HONG KONG (AFP): Equities mostly rose Monday in Asia with investors gearing up for policy decisions at major central banks this week, while concern over the Chinese economy continued to dampen sentiment.
With recent data releases suggesting inflation is now coming down after more than a year of interest rate hikes, hope is building that officials are close to bringing an end to their tightening cycles.
The key focus will be on the Federal Reserve, which is widely expected to announce another increase in borrowing costs, while traders are looking for guidance on its plans after that.
Debate is swirling about whether or not it will call it a day or keep going in order to bring inflation down to its target two percent, from the current three percent.
A string of positive data in recent months has given the Fed some room to take its foot off the pedal and allow the economy to avert a feared recession.
“The Fed should not signal another skip in September, as doing so for the June meeting really handcuffed the Fed at a time when it needed maximum flexibility,” Win Thin, at Brown Brothers Harriman & Co., said.
“Given how firm the labour market remains, we believe the right thing for the Fed to do is to emphasise a more data-dependent approach and stress that a skip in September should not be assumed.”
And Deutsche Bank economists wrote in a recent note to clients that they “see the line between mild recession and soft landing as increasingly fine and view the probabilities of the latter outcome undeniably on the rise”.
Meanwhile, Goldman Sachs has cut its probability of recession in the next 12 months to 20 percent from 25 percent.
“Recent data have reinforced our confidence that bringing inflation down to an acceptable level will not require a recession,” the bank’s chief economist Jan Hatzius wrote in a note to investors.
After a tepid Friday on Wall Street — though one that saw the Dow chalk up a tenth successive gain — most of Asia rose.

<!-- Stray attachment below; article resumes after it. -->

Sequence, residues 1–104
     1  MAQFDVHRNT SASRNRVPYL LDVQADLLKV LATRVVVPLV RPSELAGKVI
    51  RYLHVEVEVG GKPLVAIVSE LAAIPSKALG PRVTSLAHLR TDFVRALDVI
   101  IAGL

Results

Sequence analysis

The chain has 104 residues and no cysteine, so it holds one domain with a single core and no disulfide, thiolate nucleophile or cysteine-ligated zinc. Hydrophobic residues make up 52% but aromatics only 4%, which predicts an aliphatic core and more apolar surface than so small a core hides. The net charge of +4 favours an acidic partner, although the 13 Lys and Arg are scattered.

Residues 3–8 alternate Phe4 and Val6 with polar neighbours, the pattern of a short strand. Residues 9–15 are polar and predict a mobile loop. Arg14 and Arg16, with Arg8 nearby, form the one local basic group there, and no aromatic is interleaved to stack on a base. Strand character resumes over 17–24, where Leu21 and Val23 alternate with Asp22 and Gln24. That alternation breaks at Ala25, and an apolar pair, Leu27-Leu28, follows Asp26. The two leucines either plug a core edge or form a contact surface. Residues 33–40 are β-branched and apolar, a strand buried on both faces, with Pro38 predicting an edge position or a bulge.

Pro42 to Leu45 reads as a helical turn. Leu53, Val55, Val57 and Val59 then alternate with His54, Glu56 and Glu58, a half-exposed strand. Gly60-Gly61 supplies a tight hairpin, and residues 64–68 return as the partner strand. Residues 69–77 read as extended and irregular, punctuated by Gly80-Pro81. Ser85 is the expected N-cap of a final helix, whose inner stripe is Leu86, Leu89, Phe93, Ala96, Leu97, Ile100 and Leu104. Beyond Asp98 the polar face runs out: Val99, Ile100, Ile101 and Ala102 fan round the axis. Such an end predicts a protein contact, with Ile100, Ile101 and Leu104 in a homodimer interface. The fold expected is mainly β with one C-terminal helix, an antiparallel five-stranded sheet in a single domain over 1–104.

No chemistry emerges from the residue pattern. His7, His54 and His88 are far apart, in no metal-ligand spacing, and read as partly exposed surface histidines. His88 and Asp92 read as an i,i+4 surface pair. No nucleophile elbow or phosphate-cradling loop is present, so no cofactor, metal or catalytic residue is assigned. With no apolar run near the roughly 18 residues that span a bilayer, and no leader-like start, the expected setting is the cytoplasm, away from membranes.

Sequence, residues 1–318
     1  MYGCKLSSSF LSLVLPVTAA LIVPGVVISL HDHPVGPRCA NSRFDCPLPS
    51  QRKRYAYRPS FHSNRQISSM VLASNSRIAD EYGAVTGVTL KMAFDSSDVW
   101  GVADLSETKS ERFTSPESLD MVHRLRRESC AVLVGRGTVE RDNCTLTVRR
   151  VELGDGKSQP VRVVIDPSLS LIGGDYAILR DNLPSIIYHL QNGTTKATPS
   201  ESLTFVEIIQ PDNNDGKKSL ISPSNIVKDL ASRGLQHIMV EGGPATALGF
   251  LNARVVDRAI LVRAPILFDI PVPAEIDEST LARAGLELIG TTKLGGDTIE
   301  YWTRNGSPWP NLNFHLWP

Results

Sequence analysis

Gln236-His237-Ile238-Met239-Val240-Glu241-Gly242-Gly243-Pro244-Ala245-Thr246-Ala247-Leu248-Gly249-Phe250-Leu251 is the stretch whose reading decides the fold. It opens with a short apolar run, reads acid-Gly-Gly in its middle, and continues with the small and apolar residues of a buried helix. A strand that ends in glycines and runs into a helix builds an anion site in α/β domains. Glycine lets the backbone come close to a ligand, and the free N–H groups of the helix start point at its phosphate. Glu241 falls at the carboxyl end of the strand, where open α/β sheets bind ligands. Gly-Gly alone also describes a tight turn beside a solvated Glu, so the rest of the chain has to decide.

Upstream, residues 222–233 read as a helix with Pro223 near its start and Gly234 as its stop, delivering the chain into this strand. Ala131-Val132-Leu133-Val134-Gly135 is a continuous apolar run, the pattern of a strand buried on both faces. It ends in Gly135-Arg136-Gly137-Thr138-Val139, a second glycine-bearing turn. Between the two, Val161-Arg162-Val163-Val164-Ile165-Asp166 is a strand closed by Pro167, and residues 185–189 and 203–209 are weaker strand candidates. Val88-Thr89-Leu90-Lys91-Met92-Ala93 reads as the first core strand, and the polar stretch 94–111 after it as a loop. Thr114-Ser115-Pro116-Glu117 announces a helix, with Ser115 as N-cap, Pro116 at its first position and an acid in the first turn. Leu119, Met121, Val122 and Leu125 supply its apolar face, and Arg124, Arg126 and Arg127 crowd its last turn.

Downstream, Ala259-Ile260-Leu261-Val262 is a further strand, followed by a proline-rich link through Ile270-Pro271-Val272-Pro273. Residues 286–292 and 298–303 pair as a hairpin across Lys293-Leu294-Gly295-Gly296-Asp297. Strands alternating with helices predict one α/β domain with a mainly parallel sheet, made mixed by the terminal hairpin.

Tokyo, Sydney, Seoul, Shanghai, Taipei, Manila, Jakarta and Wellington were all up, but Hong Kong and Singapore retreated.
The yen strengthened slightly after taking a heavy hit against the dollar late last week following a report that said the Bank of Japan was unlikely to alter its ultra-loose monetary policy at Friday’s meeting.
While inflation was on the rise, Bloomberg said officials had hinted the BoJ would stand pat on its yield curve control programme which sees it control the range in which it allows government bonds to fluctuate. The yen has tumbled against the dollar this year as the BoJ refused to tighten policy even as the Fed pushed its own rates higher.
The euro was slightly down against the greenback ahead of an expected hike by the European Central Bank this week. Investors continue to fret over the outlook for China’s economy after last week’s data showing slower-than-expected growth in the second quarter.
They will be keeping a close eye on a key Politburo meeting this week, hoping for some stimulus measures, with recent pledges of support seen as not going far enough.
But with their hands tied by vast local government debt and a desire to avoid the bubble-causing policies seen in the past, analysts said there was little scope for the sort of big-time announcement traders were craving.
Bruce Pang, of Jones Lang LaSalle, said: “There won’t be much aggressive stimulus policies that markets were expecting.”